Federal intervention could have been avoided. That was the message from U.S. Housing and Urban Development officials who spoke with Civil Beat about the latest developments in HUD’s investigation of a Wahiawa senior center.
HUD officials say they will meet with Honolulu officials this week to discuss the city’s response to federal investigators’ finding of possible misuse of federal funds at ORI Anuenue Hale, Inc.
At stake is $7.9 million in grant money that the city will have to pay back if it doesn’t bring ORI into compliance, the federal government warned. HUD officials told the city that ORI had a slew of noncompliance issues at the rural 40-acre complex.
In addition to writing up ORI Anuenue Hale for underutilized facilities, problems with record keeping and other compliance issues, the federal government said in a May letter to the city that it had “failed to monitor” ORI despite email exchanges among city staffers expressing concerns about whether the center was following HUD rules.
ORI officials have complained the federal response is too severe, and say they feel singled out. A spokeswoman for HUD said ORI was selected for routine monitoring because it had received more Community Development Block Grant money than any other Hawaii program.
“It’s such a great amount of funding,” said Gene Gibson, a regional spokeswoman for HUD. “It’s incumbent on the federal government (to keep track of it). That was what prompted the monitoring but obviously they then discovered some things, where there may have been misuse of these funds.”
City Council Chairman Ernie Martin tried to challenge the characterization of ORI’s problems as a possible “misuse of funds” in a City Council hearing this week. But HUD’s Gibson told Civil Beat that such a characterization is “fair.”
For Martin, more may be at stake in the outcome of the ORI investigation. He served as acting director in the Community Services Department, which is responsible for oversight of CDBG grants, until he was elected to the City Council last November. Martin rose quickly to the council chairmanship, just seven months after winning one of the narrowest races in the 2010 election, and has hinted at higher political ambitions.
In an interview with Civil Beat in June, Martin said his former department “probably did not do the more deeper level of monitoring that HUD did, with regards to viewing participant files, checking programs and services,” but said he wasn’t certain.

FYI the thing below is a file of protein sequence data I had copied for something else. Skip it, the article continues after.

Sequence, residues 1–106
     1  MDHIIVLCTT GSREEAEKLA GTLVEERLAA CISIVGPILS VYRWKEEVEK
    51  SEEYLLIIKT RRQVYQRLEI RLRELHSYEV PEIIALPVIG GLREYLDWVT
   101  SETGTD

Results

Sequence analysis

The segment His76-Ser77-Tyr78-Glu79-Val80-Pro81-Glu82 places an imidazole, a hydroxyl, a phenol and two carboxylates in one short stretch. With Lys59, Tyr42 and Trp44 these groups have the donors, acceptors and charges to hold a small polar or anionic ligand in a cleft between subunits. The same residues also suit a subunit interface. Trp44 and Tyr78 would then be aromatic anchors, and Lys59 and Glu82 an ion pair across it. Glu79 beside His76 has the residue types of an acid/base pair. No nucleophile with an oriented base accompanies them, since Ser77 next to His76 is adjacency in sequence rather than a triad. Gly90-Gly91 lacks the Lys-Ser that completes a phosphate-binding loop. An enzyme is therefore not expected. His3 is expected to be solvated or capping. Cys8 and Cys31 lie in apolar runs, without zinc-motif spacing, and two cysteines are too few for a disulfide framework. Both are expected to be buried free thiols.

In HUD’s opinion, the city should have found and addressed the compliance issues that HUD raised before the federal government found them.
“In this particular project, there are issues that concern us, and part of those concerns need to be, to some degree, placed at the feet of the city,” Gibson said. “It’s their responsibility to check on these people to whom they assign the CDBG funds. With this project, failure or problems or potential misuse of funds, they should be watching it.”
National HUD spokesman Brian Sullivan echoed Gibson. HUD agrees to give the city grant money on the condition that it monitors the programs that receive that money, he said.
“We don’t have a grantee relationship with the senior center,” Sullivan told Civil Beat. “Our grantee is the city. So when we have an issue with anything, we go to the city.”
In the hearing last week, though, City Council members asked the Community Services Department few questions about its conduct. Council member Stanley Chang was the only person who seriously questioned ORI staffers about HUD’s specific findings, and no one asked Community Services about the failure to monitor in the past.
That may be because the department’s former acting director, Martin, was doing much of the questioning. He appeared more concerned with whether HUD had been courteous with ORI, and seemed bothered that a copy of the federal agency’s letter to the city was made public before ORI saw it.
HUD officials say they will comment on the city’s proposal to improve its monitoring and help bring ORI into compliance after the Aug. 10 meeting.
“If the city of Honolulu has to repay this money, those funds come out of their own coffers,” HUD’s Sullivan said. “It is a sanction. In these times, they probably weren’t budgeting for this.”